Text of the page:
Most of these hummers were photographed in 2011 in Arizona, New Mexico, and Big Bend National Park in Texas. I finally got around to making this collection.
I did have to do a lot of digital enhancements – my Nikon D80 doesn’t have the resolution that the D600 does, nor does it focus as quickly. I prefer to darken the background and add a digital blur when necessary to minimize hotspots and noise. Read the rest of this entry »
I decided to do something different and go retro – back to black-and-white. These are a few of my favorite BW images of Big Bend National Park in far west Texas. I worked and lived in Big Bend for two winters, and it is truly a special place. Of course, these are all digital images. Read the rest of this entry »
|Cottonwoods along wash near Sam Nail Ranch|
Three weeks ago the only spring green to be seen at Big Bend was on the cottonwood trees, which had only lost the last of their tangerine leaves two months earlier. (In Maine the trees are leafless for seven months!) These cottonwoods were sprawled in snaky washes like green apple lollipops. The effect on the landscape after so much brown and beige was startling. Read the rest of this entry »
|Red-tailed Hawk on blooming Acacia|
In addition to the Common Black Hawks of my last post, there are many other birds returning to Big Bend from their winter getaways, as well as year-round residents exhibiting annoying testosterone-fueled behavior.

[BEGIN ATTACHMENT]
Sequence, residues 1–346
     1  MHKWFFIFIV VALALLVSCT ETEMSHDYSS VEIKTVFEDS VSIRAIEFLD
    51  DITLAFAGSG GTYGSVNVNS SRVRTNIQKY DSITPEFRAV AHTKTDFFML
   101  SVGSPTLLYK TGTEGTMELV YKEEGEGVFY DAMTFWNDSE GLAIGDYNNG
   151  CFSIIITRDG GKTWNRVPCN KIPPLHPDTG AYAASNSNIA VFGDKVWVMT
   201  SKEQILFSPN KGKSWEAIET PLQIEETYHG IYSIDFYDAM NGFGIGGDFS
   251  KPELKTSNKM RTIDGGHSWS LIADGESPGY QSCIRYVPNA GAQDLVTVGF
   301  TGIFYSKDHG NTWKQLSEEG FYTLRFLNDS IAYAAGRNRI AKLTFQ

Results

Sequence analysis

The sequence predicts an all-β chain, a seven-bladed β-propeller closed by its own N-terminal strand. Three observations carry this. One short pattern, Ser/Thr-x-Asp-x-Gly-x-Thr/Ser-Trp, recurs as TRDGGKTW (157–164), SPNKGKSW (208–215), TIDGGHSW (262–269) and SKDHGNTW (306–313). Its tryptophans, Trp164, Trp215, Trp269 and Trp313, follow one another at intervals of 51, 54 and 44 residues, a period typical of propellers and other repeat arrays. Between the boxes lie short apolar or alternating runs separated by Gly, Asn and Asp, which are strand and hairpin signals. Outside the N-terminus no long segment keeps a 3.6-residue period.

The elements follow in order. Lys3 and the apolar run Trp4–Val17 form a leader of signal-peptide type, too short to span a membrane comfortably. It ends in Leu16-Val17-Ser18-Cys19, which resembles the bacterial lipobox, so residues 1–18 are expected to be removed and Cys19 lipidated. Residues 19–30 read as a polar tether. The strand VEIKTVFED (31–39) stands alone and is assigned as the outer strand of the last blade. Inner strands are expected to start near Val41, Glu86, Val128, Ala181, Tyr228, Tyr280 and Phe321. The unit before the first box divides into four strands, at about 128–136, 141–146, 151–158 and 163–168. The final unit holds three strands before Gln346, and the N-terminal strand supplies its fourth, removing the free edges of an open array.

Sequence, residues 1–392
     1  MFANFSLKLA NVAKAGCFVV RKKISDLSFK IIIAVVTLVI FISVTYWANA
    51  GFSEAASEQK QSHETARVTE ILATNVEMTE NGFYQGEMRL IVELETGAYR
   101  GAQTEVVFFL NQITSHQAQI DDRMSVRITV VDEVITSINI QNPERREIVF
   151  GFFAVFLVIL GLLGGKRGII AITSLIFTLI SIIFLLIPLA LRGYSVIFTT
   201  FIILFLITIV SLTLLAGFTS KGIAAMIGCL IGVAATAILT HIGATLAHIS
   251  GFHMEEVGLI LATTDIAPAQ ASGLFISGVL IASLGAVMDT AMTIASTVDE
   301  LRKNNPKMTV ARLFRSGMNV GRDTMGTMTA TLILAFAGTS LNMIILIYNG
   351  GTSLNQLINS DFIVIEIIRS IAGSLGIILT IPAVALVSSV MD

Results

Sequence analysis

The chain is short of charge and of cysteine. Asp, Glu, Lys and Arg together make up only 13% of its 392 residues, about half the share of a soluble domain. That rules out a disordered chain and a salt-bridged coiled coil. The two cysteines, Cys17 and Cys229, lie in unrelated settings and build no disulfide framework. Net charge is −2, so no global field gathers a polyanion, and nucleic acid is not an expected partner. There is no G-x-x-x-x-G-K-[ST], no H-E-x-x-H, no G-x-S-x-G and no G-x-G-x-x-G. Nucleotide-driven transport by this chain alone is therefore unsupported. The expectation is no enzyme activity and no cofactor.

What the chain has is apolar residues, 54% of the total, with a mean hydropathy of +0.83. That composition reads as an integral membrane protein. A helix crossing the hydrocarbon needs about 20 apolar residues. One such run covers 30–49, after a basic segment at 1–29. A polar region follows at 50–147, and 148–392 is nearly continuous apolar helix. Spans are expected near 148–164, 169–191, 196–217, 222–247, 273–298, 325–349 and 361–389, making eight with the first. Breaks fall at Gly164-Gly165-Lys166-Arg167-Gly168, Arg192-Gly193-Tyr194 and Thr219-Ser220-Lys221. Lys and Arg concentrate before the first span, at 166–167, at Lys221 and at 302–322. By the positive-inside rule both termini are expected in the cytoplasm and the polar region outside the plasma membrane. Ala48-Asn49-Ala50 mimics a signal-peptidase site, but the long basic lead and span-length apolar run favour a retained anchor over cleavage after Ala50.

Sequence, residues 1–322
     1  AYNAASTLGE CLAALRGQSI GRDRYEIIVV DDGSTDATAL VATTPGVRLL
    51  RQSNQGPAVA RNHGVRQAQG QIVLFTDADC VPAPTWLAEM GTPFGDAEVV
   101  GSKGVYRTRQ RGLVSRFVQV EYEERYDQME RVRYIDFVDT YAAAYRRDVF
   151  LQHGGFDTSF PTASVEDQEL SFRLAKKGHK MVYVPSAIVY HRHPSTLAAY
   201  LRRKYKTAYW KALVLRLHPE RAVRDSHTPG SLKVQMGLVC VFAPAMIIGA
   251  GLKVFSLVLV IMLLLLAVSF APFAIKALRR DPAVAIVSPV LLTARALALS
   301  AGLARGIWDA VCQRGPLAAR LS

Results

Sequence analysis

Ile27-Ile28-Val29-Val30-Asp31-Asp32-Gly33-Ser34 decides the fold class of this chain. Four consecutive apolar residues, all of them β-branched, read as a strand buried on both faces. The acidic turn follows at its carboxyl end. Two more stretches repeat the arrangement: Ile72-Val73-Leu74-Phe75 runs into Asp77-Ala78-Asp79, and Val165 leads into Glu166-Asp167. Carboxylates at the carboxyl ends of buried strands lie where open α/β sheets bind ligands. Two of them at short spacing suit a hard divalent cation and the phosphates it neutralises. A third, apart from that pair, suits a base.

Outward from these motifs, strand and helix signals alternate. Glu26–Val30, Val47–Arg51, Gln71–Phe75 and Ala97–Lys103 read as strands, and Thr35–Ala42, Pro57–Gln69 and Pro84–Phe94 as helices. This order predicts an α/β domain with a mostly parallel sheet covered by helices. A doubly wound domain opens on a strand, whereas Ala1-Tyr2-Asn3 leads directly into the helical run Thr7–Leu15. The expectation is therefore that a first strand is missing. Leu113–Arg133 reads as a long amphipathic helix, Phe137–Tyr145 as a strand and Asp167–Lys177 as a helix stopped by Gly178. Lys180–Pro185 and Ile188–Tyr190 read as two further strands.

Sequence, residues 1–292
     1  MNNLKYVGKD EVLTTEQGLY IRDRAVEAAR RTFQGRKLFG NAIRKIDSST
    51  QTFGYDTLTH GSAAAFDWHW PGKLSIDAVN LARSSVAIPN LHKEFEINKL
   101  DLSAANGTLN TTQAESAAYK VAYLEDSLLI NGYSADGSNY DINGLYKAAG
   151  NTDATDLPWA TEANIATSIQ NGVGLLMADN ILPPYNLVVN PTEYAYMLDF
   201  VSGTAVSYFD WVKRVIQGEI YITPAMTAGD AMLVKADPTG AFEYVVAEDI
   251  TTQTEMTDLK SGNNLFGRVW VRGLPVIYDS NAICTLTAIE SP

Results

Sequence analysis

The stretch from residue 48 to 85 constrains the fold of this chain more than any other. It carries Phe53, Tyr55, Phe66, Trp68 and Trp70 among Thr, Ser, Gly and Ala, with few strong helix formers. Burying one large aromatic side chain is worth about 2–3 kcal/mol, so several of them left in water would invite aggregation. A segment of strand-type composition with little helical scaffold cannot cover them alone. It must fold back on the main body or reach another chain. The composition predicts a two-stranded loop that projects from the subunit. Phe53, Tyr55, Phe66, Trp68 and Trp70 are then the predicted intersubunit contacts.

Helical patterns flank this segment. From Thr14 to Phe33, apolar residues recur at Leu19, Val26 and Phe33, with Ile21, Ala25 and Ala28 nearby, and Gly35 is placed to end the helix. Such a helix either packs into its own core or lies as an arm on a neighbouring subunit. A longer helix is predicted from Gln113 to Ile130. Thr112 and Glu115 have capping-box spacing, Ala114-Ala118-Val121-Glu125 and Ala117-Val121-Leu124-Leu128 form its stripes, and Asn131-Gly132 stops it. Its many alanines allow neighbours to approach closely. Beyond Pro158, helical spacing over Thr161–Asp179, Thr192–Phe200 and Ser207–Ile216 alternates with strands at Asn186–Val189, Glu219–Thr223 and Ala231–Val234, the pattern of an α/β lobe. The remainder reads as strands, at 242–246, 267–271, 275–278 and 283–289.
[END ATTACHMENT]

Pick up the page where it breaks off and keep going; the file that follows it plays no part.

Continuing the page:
|Turkey Vulture eating dead lizard
Turkey Vultures have peppered the sky for a few weeks now, having spent the colder months in Mexico, Central and South America. These birds have extremely acute olfactory organs for finding rotted meat, and have some nasty (to us) habits such as urinating on their legs to keep cool, and vomiting when alarmed. They also have trouble getting out of the way of speeding cars, and can easily take out a windshield. Should a vulture’s guts be ripped open in the process, you might just decide to give the car to a junkyard. I understand the smell is Putrid Times Ten. Well, as Jan Allen, one of our volunteer interpreters calls them, they are the Road Kill Cleanup Crew. They serve an important purpose in the ecosystem, and despite their reputations, are a welcome sight to nature lovers.
The Common Black Hawks have returned to Rio Grande Village from more southern climes, and were busy today adding to their nest and making whoopee. Read the rest of this entry »
|Composite of the “Super Moon” rising March 19, 2011|
It’s the first day of Spring.
It was 102 degrees in Castolon yesterday, in the park’s southwest end, ushering out the last day of winter at Big Bend National Park. The moonrise was much-heralded as the largest perigee moon in 18 years, because it was closer to the earth. (The moon orbits the earth in an ellipse, the farthest point being the apogee.) I watched it rise from behind the Deadhorse Mountains, along with other folks who had come to hear moon lore from one of our rangers. Read the rest of this entry »
I have added some new birds to my favorites list, thanks to a trip to the Lower Rio Grande Valley recently. The above Green Jay is one. I have a fondness for jays, and this is particularly striking in its tropical coloration. It’s a Mexican bird that ventures north of the border in South Texas – quite common there actually, but no less of a jewel. Read the rest of this entry »